There are many different types of HPV.  Some types can cause genital warts while other types can cause cancers.  There have been some advances made in the realm of vaccines against specific subtypes of HPV that cause cervical and anal cancer.  HPV is the most common sexually transmitted infection and is responsible for genital warts, cervical and anal cancers.  79 million Americans, most in their late teens and early 20s, are infected with HPV.  You can contract HPV by having vaginal, anal, or oral sex with someone who is infected with the virus.  It is most commonly spread during vaginal or anal sex.  HPV can be passed even when an infected person has no signs or symptoms, which is often the case.  Most people with HPV do not know they are infected and never develop symptoms or health problems from it.  Some people find out they have HPV when they get genital or anal warts. Women may find out they have HPV from an abnormal Pap test result.  

Others may only find out once they’ve developed more serious problems from HPV such as cancers.  The Gardasil 9 vaccine can be given to children as young as 9 years old and adults up to 45 years of age as a preventative measure to guard against the Human Papilloma Virus.

Pre-exposure prophylaxis or “PrEP” is the use of medications intended to prevent disease in people who have not yet been exposed to the disease-causing agent.  The term typically refers to the use of antiviral drugs as a strategy for the prevention of HIV/AIDS.  TRUVADA is a novel drug in this category.  It is produced by Gilead Sciences and is the combination of 2 drugs, specifically tenofovir and emtricitabine.  These drugs prevent the replication of HIV by inhibiting an enzyme called reserves transcriptase which the virus needs to replicate its RNA.  This medication is highly recommended for people who are HIV negative and have a higher than normal risk of contracting HIV. This group includes sexually active adults that have an increased risk of HIV (e.g. men who have sex with men), people who engage in I.V. drug use, and serodiscordant (one partner is infected by HIV and the other is not) sexually active couples.  PrEP has been shown to reduce the risk of contracting HIV by 92% when taken as prescribed and used along with other risk reduction strategies, such as condoms.  Condoms should still be used because people taking PrEP are still at some risk of contracting HIV, especially those who do not take PrEP as prescribed, and because people on PrEP remain at risk for other types of sexually transmitted infection.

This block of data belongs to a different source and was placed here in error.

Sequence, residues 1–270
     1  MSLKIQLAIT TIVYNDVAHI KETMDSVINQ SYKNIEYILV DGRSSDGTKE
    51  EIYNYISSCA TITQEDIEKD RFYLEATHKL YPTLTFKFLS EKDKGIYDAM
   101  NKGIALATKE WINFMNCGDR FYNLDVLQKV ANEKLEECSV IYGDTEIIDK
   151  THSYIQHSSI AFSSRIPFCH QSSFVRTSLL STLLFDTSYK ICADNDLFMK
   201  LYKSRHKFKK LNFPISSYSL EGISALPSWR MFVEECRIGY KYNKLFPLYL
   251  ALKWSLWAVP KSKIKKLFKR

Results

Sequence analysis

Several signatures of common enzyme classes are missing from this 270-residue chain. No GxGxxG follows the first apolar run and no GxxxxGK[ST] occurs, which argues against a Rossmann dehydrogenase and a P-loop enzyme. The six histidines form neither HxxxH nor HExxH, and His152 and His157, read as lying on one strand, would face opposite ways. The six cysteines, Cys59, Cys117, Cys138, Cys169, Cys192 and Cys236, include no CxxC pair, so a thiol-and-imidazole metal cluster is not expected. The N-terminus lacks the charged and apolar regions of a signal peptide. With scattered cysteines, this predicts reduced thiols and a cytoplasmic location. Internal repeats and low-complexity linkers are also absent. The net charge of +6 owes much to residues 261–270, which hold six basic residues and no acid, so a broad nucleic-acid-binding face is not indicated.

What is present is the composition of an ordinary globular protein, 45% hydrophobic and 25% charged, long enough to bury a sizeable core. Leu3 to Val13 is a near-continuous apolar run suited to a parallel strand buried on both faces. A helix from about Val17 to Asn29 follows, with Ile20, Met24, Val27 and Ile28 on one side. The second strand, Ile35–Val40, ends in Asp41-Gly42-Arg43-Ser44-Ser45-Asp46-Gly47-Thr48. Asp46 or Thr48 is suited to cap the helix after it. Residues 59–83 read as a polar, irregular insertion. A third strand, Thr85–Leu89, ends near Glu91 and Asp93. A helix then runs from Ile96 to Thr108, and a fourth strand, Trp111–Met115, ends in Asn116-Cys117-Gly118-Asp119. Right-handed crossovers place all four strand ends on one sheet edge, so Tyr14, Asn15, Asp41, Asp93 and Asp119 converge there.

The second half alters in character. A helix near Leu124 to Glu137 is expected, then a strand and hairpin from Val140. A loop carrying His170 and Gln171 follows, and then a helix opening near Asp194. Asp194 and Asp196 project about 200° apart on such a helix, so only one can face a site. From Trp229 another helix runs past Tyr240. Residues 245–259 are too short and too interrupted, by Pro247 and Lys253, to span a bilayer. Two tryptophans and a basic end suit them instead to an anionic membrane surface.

There is also research into post-exposure prophylaxis by using antibiotics such as doxycycline.  Although this research is in its infancy, there have been some promising studies that show mild reduction in chlamydia and syphilis infections in groups that take doxycycline immediately after a sexual encounter.  There are many more studies that need to be completed before anything will be approved for this specific purpose.

This being said, “safe sex” should more correctly be referred to as “safer sex” or “protected sex” as people may still be exposed to some amount of bodily fluids and run the risk or becoming pregnant or infected with an STI.  The only true “safe sex” is to abstain from sex.

I would encourage all sexually active men and women to be tested for STIs on a regular basis.  Talk to your primary care physician and let them know if you have a new sexual partner, any STI symptoms, or if you believe you have been exposed to an STI.

As always, if you have any questions or concerns regarding your sexual health, Optimal Male Performance Center is here to help.  Call us today to schedule an appointment.

Be Safe and Live Well!

Richard Freier, M.D.
Medical Director
Optimal Male Performance Center
1-844-MAN-CURE